Responding to the Southern Oregon Wildfires



In response to the major wildfires burning across southwest Oregon, Direct Relief’s Emergency Response Team has reached out to its health center network in the area and has sent overnight a shipment of urgent supplies to help people suffering from smoke-related symptoms.

Staff at Siskiyou Community Health Center, a Direct Relief partner with three sites in both Grants Pass and Cave Junction, in southern Oregon near the California border, said that air quality conditions are so poor that people are wearing masks indoors. Diane Banta, a health center staff member, reported an increase in patient visits, with many coming in with health complaints as a result of the poor air quality.

According to the Oregon Smoke blog maintained by government response agencies, Wednesday’s air quality was some of the worst yet, with health concerns hitting hazardous levels. The entire population in the area is likely to be affected by the poor air quality and local officials are recommending people remain indoors.

Because of the urgent need, Direct Relief sent more than one thousand N-95 particulate respirator face masks to Siskiyou and is preparing a more comprehensive shipment of medicines and supplies to further support the health center.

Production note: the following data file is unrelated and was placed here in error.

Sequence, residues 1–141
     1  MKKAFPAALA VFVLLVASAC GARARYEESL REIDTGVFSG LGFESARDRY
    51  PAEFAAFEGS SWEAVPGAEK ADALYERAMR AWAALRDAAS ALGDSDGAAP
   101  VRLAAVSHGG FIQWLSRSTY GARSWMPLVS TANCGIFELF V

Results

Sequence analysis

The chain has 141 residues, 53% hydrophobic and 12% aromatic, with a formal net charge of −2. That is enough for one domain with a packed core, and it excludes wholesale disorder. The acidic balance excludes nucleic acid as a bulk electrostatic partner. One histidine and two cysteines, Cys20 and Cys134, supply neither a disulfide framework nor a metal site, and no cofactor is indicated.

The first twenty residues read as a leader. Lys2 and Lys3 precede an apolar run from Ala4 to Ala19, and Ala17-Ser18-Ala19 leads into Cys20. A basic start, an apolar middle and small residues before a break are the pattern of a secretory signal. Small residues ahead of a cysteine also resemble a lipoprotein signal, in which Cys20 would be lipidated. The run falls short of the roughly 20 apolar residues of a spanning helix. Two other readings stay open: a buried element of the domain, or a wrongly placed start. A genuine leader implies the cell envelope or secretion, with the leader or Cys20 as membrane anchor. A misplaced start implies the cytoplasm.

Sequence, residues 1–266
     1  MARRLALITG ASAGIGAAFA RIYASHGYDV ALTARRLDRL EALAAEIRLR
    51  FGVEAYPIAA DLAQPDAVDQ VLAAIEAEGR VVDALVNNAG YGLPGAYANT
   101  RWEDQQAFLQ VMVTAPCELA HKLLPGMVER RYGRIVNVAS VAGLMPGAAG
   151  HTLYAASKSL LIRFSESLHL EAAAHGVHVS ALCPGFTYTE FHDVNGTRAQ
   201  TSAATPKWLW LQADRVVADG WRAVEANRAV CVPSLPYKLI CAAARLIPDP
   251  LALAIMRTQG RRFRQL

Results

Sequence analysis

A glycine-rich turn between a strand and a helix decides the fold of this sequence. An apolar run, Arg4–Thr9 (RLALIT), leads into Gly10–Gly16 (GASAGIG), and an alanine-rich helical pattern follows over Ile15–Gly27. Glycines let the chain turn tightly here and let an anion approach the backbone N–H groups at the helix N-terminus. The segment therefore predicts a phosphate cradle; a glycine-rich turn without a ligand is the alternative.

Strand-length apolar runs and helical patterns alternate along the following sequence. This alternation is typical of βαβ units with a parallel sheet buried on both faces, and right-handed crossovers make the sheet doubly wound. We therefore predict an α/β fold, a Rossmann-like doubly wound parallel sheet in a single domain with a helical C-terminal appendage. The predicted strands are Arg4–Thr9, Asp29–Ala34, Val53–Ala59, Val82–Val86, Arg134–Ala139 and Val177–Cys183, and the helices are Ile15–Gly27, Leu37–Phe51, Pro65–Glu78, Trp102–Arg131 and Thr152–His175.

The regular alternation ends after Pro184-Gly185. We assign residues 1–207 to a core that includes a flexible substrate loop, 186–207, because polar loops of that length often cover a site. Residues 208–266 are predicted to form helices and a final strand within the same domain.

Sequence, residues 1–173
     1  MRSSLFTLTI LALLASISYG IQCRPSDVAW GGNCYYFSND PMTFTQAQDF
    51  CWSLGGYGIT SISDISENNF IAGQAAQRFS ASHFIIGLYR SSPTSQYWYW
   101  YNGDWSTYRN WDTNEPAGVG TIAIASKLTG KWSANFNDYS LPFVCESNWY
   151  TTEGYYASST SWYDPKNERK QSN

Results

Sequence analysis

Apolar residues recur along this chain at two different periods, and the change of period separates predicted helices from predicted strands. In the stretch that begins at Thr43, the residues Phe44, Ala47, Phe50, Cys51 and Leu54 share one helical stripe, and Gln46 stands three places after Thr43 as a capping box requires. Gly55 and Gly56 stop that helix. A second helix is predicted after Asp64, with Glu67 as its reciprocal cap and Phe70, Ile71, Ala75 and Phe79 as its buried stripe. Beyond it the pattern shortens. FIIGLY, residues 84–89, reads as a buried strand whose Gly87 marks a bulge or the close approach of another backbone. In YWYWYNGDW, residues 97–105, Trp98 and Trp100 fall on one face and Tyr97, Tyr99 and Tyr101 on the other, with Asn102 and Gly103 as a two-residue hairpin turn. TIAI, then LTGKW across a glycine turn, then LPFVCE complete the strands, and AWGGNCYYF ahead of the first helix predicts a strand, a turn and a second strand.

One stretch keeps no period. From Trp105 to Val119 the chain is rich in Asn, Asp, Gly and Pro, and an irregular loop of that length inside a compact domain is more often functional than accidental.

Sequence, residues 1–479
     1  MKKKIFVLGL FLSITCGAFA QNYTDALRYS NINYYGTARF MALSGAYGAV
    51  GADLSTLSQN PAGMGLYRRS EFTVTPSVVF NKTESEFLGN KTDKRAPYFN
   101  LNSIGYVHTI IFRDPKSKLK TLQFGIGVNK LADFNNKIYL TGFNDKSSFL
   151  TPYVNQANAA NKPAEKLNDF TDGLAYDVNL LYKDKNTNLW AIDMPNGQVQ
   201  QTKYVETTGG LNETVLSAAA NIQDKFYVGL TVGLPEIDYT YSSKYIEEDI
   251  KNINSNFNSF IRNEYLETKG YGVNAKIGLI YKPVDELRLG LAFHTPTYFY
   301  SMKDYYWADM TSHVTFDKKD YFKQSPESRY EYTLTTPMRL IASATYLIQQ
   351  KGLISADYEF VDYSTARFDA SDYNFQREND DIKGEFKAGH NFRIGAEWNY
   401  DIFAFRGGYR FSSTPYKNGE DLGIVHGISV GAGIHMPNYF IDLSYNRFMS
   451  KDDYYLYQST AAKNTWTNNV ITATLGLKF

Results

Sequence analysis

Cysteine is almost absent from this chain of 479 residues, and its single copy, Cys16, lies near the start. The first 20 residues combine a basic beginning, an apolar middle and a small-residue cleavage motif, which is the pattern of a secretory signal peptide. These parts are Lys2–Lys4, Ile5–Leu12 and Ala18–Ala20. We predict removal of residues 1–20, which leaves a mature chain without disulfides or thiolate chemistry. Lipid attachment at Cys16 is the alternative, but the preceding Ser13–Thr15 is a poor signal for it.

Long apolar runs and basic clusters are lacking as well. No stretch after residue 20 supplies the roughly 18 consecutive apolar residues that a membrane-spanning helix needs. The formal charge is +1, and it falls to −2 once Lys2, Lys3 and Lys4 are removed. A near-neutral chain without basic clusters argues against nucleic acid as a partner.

Direct Relief has a ready-to-ship stock of masks, inhalers, nebulizers and other items used to treat patients suffering from respiratory problems related to the fire and smoke.

During wildfires, the care offered by health centers and clinics such becomes critical. Wildfires pose serious health risks beyond the flames themselves.

The smoke contains particulate matter that can hurt the eyes, irritate the respiratory system, and worsen chronic heart and lung conditions, especially in children. Additionally, any rapid, mass evacuation raises general health risks for evacuees, particularly those who require medications to manage chronic conditions, like asthma and diabetes. These treatments are often forgotten when people rush to flee their homes in an emergency.

Direct Relief continues to monitor the situation and is prepared to support ongoing efforts to care for patients affected by the fires.

Siskiyou Community Health Center serves an estimated 11,000 patients annually. Direct Relief has worked with them for four years, providing medicines and supplies needed to treat people in need on an ongoing basis.

*The live, interactive map above shows Direct Relief health center partners (orange) in relation to the fires burning in Oregon.

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